Since the achievement of democracy in 1994, building a non-democratic, non-racial, non-sexist, united, democratic and prosperous society as set out in the Constitution, has been a challenge. This has been due to amongst other reasons, the fundamental conflict between pain and poverty of the majority of black people on the one hand, and wealth and elitism of white people (including a few black politicians) on the other; which compromise the major ideals of the national democratic revolution and the fundamentals of the human project. Although some degree of social cohesion has been achieved in the past two decades, racism has become more pronounced both in private and public spaces, making reconciliation and nation building a dream. If the current socio-political condition does not change, it would be difficult for the reconciliation agenda to thrive, and to achieve the ultimate objective of building the nation.
We have had a very challenging year politically and economically, and come from a reconciliation month that reminded us of the importance of togetherness and unity in building our nation. In the same spirit of reconciliation, a major breakthrough in December, was the outcome of the NEC Conference of the ANC, which saw the deputy president of the country, Mr Cyril Ramaphosa at the helm of the ruling party. Albeit some scepticism, the markets responded positively to the news which to many, brought hope for rebuilding the nation and restoration of lost values.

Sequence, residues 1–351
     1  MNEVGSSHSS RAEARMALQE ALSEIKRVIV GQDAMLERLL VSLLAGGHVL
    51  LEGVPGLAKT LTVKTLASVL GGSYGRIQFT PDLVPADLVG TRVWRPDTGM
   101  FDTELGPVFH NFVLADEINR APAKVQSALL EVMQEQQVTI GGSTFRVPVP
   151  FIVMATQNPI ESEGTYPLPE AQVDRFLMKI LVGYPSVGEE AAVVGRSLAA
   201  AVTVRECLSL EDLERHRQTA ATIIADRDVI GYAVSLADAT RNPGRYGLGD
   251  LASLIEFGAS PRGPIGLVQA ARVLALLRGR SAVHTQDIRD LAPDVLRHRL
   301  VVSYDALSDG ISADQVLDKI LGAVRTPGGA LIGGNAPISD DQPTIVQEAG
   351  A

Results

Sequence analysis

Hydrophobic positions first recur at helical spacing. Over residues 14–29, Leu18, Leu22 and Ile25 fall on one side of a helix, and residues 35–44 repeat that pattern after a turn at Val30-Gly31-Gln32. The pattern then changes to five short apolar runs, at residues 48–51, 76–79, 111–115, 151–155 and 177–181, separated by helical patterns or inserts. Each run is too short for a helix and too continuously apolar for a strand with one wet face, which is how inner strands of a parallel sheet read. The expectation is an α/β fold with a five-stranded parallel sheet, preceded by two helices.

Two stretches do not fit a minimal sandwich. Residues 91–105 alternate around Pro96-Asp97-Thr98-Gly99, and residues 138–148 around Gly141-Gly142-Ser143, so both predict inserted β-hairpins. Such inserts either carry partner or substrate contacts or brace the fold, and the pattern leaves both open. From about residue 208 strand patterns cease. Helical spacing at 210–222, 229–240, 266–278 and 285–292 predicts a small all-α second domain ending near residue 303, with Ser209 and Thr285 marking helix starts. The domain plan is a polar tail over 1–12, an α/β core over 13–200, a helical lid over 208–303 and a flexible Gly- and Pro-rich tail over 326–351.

As part of the ruling elite himself, one should wonder if the newly elected president of the ANC will fulfil the promises he made during his campaign. How will the Billionaire turn things around to ensure that all South Africans benefit without compromising the economy or selling out the masses? How will he heal a sick nation that has for a long time been ruled by narrow-minded elite who had organised society for their own benefit at the expense of the vast majority? How will he change attitudes and mind-sets towards building rather than destroying a beautiful nation, and against greed and corruption? How will he tackle racism, ensure tolerance of differences, build unity and ensure equality of opportunities? What strategies will he put in place to ensure that freedom and prosperity becomes a lived reality for all, and not just for a few, as set out in the Constitution.